I am fascinated by the exiled royalty of Europe. Since the separation of Louis XVI’s head from his shoulders in 1789, various houses have lost their realms in the aftermath of losing wars and revolutions.
And yet, very few of these families have really discarded their pretensions to the throne (and who would blame them, I guess). Otto von Hapsburg renounced his claim to the throne so he could re-enter Austria and go into politics. The House of Savoy did the same thing in Italy. Both continue to argue for a restoration, however. The Romanovs have never renounced the throne.
Earlier this year I read a peice in the Daily Telegraph (the real one) blog by the Reactionary Gerald Warner celebrating the birth of twins to the so-called Louis XX. The link is here (and look who’s in the photo).
The rightful King of Romania, on the other hand, makes no claim to the throne – as The Economist notes here.
As a mild royalist, I cannot help but wonder whether a good spell of constitutional monarchy and hereditary succession wouldn’t be beneficial to the former Soviet Republics, who are still mired in corruption.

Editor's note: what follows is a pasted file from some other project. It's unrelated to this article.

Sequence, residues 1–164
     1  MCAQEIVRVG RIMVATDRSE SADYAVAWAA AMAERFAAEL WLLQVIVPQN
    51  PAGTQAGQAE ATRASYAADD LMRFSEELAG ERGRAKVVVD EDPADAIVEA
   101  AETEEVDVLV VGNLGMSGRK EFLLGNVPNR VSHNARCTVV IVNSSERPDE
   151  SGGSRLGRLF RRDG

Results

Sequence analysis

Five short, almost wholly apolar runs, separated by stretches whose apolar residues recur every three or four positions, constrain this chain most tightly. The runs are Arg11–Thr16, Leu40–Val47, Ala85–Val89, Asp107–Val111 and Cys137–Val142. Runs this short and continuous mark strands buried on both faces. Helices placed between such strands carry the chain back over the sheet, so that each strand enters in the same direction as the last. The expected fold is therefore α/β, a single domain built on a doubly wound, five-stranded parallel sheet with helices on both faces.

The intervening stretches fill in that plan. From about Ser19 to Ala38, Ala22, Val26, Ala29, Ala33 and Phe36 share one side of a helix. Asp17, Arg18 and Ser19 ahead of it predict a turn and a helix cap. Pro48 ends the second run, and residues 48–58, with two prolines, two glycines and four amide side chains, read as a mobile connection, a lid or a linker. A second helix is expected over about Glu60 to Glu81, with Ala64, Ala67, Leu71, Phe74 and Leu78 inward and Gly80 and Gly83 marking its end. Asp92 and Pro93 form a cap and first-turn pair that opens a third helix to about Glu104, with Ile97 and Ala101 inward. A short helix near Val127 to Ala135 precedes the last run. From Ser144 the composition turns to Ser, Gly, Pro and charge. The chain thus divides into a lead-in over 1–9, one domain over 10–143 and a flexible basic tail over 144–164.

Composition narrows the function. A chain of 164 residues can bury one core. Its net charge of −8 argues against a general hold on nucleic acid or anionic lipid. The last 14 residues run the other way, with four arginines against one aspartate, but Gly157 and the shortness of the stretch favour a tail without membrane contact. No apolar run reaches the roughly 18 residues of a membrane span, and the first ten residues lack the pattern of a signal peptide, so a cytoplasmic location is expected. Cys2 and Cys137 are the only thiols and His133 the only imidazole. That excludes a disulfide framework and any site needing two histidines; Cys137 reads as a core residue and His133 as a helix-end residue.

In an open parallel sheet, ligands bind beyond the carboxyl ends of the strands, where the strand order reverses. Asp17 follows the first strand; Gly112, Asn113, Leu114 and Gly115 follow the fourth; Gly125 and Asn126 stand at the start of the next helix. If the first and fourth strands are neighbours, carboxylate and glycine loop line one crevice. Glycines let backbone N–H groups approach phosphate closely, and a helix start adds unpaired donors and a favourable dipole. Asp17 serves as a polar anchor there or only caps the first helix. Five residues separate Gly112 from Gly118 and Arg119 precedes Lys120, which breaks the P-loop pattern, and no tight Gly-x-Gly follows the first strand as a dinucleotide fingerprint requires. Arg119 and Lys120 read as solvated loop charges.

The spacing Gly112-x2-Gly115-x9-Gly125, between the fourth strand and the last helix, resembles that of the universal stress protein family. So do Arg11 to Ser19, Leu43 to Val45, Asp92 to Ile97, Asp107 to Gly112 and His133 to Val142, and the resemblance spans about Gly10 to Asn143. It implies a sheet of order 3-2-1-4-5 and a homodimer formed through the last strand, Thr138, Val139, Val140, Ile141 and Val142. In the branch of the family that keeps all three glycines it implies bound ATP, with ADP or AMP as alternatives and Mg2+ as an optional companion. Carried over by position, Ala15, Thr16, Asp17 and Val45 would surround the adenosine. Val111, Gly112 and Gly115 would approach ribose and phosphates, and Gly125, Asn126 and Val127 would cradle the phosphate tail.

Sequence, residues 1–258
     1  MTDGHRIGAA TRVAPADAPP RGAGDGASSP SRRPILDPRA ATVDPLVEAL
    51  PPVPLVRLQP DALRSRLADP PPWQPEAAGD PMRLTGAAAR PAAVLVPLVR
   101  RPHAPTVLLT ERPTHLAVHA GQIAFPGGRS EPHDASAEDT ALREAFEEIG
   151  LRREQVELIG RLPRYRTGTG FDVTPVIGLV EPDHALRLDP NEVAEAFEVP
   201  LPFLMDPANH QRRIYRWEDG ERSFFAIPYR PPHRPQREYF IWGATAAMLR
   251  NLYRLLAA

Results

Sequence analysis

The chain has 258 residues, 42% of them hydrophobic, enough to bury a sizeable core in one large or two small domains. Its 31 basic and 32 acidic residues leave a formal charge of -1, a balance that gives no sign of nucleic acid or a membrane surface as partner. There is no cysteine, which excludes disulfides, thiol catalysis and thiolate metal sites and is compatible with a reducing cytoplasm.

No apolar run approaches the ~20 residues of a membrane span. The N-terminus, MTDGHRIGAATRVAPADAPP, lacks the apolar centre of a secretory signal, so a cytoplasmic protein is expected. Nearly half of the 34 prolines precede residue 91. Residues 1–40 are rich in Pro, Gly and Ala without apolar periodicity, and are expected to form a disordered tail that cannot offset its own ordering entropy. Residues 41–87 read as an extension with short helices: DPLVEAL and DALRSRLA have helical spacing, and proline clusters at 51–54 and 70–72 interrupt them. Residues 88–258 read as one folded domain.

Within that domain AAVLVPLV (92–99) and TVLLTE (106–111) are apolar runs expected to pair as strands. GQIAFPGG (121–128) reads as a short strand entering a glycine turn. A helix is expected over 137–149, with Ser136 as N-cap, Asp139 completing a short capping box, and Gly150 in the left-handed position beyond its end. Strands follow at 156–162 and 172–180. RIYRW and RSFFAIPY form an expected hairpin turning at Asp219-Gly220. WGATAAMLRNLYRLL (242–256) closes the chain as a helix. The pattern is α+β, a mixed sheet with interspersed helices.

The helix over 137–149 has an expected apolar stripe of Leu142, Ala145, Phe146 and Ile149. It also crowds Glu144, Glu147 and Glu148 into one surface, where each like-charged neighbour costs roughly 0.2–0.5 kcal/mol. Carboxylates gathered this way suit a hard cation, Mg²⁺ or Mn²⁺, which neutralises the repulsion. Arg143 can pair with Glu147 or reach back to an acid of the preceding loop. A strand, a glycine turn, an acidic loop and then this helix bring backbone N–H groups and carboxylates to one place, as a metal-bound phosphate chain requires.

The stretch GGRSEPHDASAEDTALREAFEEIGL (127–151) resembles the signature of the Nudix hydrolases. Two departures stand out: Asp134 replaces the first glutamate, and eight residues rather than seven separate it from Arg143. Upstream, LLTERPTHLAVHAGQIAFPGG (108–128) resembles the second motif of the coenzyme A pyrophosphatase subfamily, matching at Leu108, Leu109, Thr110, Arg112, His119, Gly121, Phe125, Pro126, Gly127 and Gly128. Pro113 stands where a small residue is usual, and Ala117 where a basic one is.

Not going to happen, however, as the aforementioned Economist piece stated:
UNTIL the collapse of communism, being an exiled monarch was merely thankless. Since then it has been cruelly disappointing. In Albania, Georgia, Hungary, Montenegro, Russia and Serbia the monarchist cause has at best crashed and burned—or more often failed to ignite at all, leaving royal pretenders (or pretend royals) stranded on the eurotrash heap of history. In Bulgaria, Simeon Saxcoburggotski (or ex-King Simeon II) was briefly a popular prime minister. But now he languishes in an uncomfortable coalition with the ex-communists, heirs to the party that exiled him and murdered his followers.